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|Title:||Regeneration strategies in the central nervous system : drug-loaded nanoparticles for spinal cord injury regeneration|
|Author(s):||Cerqueira, Susana R.|
Oliveira, Joaquim M.
Mano, J. F.
Salgado, A. J.
Reis, R. L.
Spinal cord injury
|Citation:||Cerqueira S. R., Oliveira J. M., Mano J. F., Sousa N., Salgado A. J., Reis R. L. Regeneration Strategies in the Central Nervous System, 3rd 3B´s Symposium on Biomaterials and Stem cells in Regenerative Medicine, 2013|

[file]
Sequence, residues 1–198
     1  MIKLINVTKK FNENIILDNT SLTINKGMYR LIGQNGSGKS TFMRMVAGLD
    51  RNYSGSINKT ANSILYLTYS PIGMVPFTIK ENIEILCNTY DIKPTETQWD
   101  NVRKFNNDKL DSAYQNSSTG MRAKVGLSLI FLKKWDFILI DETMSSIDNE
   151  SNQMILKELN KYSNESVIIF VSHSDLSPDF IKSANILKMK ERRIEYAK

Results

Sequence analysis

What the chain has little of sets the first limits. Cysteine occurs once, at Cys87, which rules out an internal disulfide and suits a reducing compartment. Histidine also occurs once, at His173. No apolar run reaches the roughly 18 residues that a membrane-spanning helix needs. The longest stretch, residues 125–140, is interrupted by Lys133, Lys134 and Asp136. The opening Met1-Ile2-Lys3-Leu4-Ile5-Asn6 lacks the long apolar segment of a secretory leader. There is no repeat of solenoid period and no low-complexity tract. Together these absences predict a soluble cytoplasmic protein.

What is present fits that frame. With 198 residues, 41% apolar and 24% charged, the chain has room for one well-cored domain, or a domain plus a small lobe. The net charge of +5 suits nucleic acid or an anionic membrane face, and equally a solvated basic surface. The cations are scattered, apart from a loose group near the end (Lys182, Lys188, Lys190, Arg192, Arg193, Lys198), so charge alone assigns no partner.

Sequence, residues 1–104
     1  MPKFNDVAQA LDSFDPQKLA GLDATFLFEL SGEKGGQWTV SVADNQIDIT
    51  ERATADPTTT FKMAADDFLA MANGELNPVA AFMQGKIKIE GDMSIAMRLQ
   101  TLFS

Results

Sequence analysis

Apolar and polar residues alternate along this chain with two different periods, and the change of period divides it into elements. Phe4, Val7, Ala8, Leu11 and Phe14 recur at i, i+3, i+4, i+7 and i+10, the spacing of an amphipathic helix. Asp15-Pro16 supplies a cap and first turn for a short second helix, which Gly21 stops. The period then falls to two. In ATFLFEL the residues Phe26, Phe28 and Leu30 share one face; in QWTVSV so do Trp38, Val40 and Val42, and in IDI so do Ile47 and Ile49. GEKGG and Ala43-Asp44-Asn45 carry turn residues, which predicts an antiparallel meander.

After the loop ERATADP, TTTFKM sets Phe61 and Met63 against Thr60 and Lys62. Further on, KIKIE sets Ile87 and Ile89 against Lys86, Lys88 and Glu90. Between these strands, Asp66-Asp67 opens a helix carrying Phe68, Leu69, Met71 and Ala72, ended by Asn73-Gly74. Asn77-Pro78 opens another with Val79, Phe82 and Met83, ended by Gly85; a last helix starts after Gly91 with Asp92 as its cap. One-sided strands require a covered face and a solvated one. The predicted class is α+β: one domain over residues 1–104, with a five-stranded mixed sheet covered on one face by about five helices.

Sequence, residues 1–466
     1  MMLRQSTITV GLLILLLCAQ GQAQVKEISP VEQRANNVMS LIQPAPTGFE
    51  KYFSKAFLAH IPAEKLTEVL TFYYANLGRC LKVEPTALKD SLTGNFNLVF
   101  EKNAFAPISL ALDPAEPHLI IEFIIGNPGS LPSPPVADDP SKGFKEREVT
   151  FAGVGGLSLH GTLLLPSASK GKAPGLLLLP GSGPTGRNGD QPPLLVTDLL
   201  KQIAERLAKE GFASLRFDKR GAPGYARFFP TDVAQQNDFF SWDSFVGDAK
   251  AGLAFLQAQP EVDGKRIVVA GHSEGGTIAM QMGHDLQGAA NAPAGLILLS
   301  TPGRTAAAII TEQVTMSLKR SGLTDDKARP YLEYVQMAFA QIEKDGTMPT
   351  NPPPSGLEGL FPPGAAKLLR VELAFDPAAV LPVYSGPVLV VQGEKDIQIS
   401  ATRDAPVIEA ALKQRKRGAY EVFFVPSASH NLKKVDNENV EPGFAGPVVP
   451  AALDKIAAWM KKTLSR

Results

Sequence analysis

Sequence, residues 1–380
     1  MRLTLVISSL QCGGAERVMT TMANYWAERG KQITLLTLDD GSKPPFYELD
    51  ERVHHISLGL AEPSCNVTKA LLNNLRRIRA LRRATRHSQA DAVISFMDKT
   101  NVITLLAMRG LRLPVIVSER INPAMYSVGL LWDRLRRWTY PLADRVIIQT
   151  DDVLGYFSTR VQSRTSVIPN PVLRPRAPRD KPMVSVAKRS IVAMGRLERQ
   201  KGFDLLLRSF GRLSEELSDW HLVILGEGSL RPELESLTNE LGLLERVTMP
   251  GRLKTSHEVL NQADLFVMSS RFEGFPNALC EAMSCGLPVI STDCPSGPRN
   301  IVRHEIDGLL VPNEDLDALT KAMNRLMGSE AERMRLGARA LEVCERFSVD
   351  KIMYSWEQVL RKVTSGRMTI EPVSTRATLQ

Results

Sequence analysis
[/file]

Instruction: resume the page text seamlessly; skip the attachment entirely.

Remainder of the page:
|Abstract(s):||Unlike fish, amphibia and even mammalial peripheral nerves, human central nervous system (CNS) axons have a very limited regeneration capability and do not spontaneously re-grow if lesioned. After damage or disruption, for instance caused by brain/ spinal cord injury (SCI) or stroke, a cascade of cellular and biochemical reactions occurs around the lesion site that creates a harsh environment for axons to regenerate. Immune and glial cells around the injury are also responsible for the production of molecules that restrain the axon re-growth, such as myelin associated inhibitors and chondroitin sulfate proteoglycans. Additionally, astrocytes and fibroblasts contribute to the formation of a scar around the damaged tissue that physically blocks axon repair. Thus, and in view of the latest findings it is imperative to block these inhibitory reactions and induce a more adequate environment for tissue repair and regeneration. In our lab, we are currently developing biomaterial-based strategies to repair the injured CNS, focusing on spinal cord. The absence of effective therapies in SCI repair is in part due to its extreme complexity, but also to the lack of efficiency and targeting of the existing drugs. In order to target the detrimental cellular responses that follow the injury in a more specific and sustained manner, we developed a nanoparticle-based drug delivery system intended to target glial cells and modulate the inflammatory processes in SCI. Poly/(amido)amine (PAMAM) dendrimer nanoparticles grafted with carboxymethylchitosan (CMCht) were loaded with the anti-inflammatory corticosteroid methylprednisolone. The nanoparticles were shown to be internalized by glial cells without affecting its metabolic viability, while releasing the drug in a sustained and prolonged manner. Nanoparticle administration in spinal cord injured rats induced improved recovery in these animals, suggesting that nanoparticles can limit the damage extent and contribute to nerve repair/ sparing. We believe that strategies such as this, intending to minimize the secondary events that follow nervous injury can be an opportunity for successful treatments in CNS tissue repair.|
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